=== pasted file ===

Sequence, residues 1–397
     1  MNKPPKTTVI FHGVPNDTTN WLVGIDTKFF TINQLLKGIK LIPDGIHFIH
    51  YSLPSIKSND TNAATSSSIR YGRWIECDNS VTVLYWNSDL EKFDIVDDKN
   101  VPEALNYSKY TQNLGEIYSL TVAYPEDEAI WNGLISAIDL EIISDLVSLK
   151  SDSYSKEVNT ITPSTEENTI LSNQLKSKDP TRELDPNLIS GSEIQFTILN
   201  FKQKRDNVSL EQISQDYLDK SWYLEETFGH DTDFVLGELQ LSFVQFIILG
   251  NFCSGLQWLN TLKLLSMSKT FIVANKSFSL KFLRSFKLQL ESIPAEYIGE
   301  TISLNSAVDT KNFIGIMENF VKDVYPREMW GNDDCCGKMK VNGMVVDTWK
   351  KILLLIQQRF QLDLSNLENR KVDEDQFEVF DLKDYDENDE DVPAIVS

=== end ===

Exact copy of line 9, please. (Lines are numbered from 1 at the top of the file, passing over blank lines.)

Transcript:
   351  KILLLIQQRF QLDLSNLENR KVDEDQFEVF DLKDYDENDE DVPAIVS